This is 100% about the motivations of Mike Bloomberg and 0% about that of the journalists employed at Bloomberg. We all have bosses, and when a direct order comes down from the top, you either follow it or you find a new job. That’s just the reality of capitalism that we all have to accept in order to survive in this world. Bloomberg is one of the best publications around and consistently produces good journalism. Now, in the 2020 Democratic primary, they are pledging to avoid their reputation as a source for deep reporting, and are instead going to stick to more horse-race style coverage, as editor-in-chief John Micklethwait wrote in a memo to staff outlining the new policy:
We will continue our tradition of not investigating Mike (and his family and foundation) and we will extend the same policy to his rivals in the Democratic primaries.
Kathy Kiely, Bloomberg’s former politics director who resigned in 2016 over Michael Bloomberg’s potential entry into the race and her inability to cover him aggressively for Bloomberg’s own business, said that this decision will “relegate his political writers to stenography journalism…it’s not satisfying for journalists and it’s not satisfying for readers. I think people will go elsewhere for in-depth political coverage.”
Former editor of Bloomberg Businessweek, Megan Murphy, also criticized the new policy.
In addition to completely neutering their 2020 political coverage (for now), Bloomberg is suspending their editorial board that typically speaks for the entire organization, and its top members are going to go work for the former mayor’s campaign. This abdication of journalistic responsibility as it pertains to its owner is nothing new, as the longstanding policy is that Bloomberg will not investigate Bloomberg’s wealth, personal life, family, etc. While this rule could possibly be justifiable in general, the moment its owner decides to run for the most powerful position in the world, it instantly exposes the contradiction at the heart of its coverage, and immediately undercuts Bloomberg’s credibility. What we just learned is that it became a less respected journalistic organization the moment that its editor-in-chief hit “send” on that memo.
None of this gives the impression that Bloomberg has 100% editorial independence, and implies that no matter how much good work the publication does, its owner views it as a tool to further his own ends first, and a journalistic outlet second. In fact, according to Michael Bloomberg in a radio interview last year, Bloomberg does not have editorial independence, as he said “Quite honestly, I don’t want all the reporters I’m paying to write a bad story about me,” and “I don’t want them to be independent.”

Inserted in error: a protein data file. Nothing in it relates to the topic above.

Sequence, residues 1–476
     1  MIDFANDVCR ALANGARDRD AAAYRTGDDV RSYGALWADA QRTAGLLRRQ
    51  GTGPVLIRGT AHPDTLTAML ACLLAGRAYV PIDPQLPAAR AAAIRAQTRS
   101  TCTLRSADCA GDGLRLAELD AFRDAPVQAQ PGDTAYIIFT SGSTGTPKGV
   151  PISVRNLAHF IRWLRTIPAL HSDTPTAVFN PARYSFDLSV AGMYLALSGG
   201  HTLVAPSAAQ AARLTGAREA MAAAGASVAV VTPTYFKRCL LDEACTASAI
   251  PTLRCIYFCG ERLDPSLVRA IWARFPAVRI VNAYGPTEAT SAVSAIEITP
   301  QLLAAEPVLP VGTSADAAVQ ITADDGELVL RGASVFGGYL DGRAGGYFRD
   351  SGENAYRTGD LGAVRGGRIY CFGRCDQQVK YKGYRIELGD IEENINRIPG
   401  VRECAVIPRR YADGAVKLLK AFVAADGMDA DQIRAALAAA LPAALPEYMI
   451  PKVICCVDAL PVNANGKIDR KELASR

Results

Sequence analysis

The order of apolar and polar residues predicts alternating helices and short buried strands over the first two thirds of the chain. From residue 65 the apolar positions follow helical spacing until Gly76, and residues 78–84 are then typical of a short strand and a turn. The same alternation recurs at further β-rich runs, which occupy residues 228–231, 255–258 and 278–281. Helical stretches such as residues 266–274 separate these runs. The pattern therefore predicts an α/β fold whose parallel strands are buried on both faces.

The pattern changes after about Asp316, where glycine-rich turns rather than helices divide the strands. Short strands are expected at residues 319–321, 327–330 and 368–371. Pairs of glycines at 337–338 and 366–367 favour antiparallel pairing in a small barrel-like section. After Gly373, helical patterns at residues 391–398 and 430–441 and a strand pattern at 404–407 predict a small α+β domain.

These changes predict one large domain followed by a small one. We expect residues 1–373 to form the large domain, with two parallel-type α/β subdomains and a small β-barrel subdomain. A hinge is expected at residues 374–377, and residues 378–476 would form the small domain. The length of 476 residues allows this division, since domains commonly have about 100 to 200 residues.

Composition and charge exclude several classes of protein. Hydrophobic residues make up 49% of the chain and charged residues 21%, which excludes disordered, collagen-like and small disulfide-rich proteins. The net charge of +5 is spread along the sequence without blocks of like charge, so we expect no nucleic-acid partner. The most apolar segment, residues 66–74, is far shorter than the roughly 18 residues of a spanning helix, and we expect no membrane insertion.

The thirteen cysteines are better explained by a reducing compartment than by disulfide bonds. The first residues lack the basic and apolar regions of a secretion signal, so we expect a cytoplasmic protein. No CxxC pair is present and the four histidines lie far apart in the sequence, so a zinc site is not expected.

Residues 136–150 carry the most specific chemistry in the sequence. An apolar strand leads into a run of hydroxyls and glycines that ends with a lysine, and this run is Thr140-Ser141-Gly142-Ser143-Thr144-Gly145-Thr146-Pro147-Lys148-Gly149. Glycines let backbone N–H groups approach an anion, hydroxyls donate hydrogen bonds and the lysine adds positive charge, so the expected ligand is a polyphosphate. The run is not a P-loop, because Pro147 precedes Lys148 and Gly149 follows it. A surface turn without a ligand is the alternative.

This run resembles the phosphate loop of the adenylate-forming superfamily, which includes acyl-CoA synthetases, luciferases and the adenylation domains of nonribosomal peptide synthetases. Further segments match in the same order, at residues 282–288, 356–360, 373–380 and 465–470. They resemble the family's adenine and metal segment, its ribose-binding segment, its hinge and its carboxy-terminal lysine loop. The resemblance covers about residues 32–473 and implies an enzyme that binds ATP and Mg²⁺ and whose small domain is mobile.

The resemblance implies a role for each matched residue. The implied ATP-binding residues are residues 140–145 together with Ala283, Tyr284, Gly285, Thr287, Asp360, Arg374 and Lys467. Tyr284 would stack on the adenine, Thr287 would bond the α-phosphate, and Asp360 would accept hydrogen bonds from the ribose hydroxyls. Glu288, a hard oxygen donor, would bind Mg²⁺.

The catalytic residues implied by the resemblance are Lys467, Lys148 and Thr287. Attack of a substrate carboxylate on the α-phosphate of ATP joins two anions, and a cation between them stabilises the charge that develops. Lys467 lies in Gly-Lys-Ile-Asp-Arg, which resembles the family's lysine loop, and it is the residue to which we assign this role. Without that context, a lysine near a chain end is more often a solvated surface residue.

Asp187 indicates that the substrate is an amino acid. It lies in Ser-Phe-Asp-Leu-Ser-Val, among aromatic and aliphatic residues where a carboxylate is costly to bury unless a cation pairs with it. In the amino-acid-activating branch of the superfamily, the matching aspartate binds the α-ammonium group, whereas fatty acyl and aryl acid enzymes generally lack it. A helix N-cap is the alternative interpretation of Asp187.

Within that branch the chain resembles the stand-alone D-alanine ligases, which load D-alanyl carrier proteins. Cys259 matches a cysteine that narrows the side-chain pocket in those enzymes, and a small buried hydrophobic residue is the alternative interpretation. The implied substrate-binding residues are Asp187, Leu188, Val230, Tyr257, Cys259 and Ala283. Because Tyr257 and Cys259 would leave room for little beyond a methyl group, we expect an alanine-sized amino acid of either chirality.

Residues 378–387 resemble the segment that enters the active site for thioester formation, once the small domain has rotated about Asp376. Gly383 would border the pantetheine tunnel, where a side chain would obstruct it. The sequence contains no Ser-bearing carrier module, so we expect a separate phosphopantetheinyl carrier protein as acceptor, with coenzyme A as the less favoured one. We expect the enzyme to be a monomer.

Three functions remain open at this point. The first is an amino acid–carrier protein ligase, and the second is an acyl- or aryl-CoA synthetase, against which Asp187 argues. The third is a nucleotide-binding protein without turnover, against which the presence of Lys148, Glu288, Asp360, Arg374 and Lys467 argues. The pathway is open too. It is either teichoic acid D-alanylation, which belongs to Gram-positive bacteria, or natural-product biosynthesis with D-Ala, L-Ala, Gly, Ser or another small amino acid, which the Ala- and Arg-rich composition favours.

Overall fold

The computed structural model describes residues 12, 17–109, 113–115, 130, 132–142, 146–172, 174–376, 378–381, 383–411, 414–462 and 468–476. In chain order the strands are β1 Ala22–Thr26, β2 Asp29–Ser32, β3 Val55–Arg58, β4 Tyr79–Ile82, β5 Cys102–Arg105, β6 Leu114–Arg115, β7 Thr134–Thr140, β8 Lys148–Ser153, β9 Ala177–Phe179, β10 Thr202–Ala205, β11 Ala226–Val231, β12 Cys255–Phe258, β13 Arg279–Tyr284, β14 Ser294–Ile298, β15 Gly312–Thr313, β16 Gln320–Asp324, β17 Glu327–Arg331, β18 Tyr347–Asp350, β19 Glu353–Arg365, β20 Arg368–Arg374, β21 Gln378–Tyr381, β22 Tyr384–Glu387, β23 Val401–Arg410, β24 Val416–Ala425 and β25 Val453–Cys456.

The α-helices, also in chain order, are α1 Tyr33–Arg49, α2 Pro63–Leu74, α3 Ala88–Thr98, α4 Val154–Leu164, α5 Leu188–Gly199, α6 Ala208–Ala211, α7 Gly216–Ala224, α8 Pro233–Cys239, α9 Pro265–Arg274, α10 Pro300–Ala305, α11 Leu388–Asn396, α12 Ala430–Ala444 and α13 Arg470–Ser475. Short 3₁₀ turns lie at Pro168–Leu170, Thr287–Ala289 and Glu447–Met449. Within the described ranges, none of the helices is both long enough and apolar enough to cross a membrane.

Further exposing the hypocrisy at the base of this decision, Bloomberg will not cease its investigative reporting on the Republican candidate(s) for president, just the Democratic ones. This self-serving strategy becomes even more obvious when you compare it to in-depth reporting other billionaire-owned publications have done on their billionaire owners. For example, The Washington Post has published scathing and deeply reported exposes about Jeff Bezos’s company, Amazon, and Margaret Sullivan, WaPo’s media columnist, wrote that “I never experienced an iota of editorial meddling from Buffalo News chairman and owner Warren Buffett when both the newsroom and the editorial board reported to me for almost 13 years.”
There’s a process to handle clear conflicts of interests like this, and it’s a position that prestigious outlets like the New York Times have eliminated in recent years in favor of letting Twitter and the like highlight their mistakes for them: a public editor. The position is exactly what it sounds like: an editor whose job it is to vet their own organization for the public’s benefit. If Bloomberg had any issues with Bloomberg’s coverage that were rooted in fact, the public editor position could easily corroborate that. But instead of adding accountability for himself, he has undercut his organization and eliminated journalistic layers instead.
Additionally, if you think Trump potentially divesting from his businesses upon winning the presidency could have been messy, just imagine what it would be like for an actual billionaire to do it. Is Bloomberg not allowed to cover President Michael Bloomberg if he makes it that far? If so, doesn’t that reveal the farce at the base of this decision? Why is it not okay to report on presidential candidate Bloomberg, but it’s fine reporting on President Bloomberg? Or is Bloomberg not allowed to report on the Bloomberg presidency? There is no logical way to explain this away. Yet again, it’s exactly what it looks like: a billionaire in the United States is leveraging his immense power to shield himself from public accountability.
Jacob Weindling is a writer for Paste politics. Follow him on Twitter at @Jakeweindling.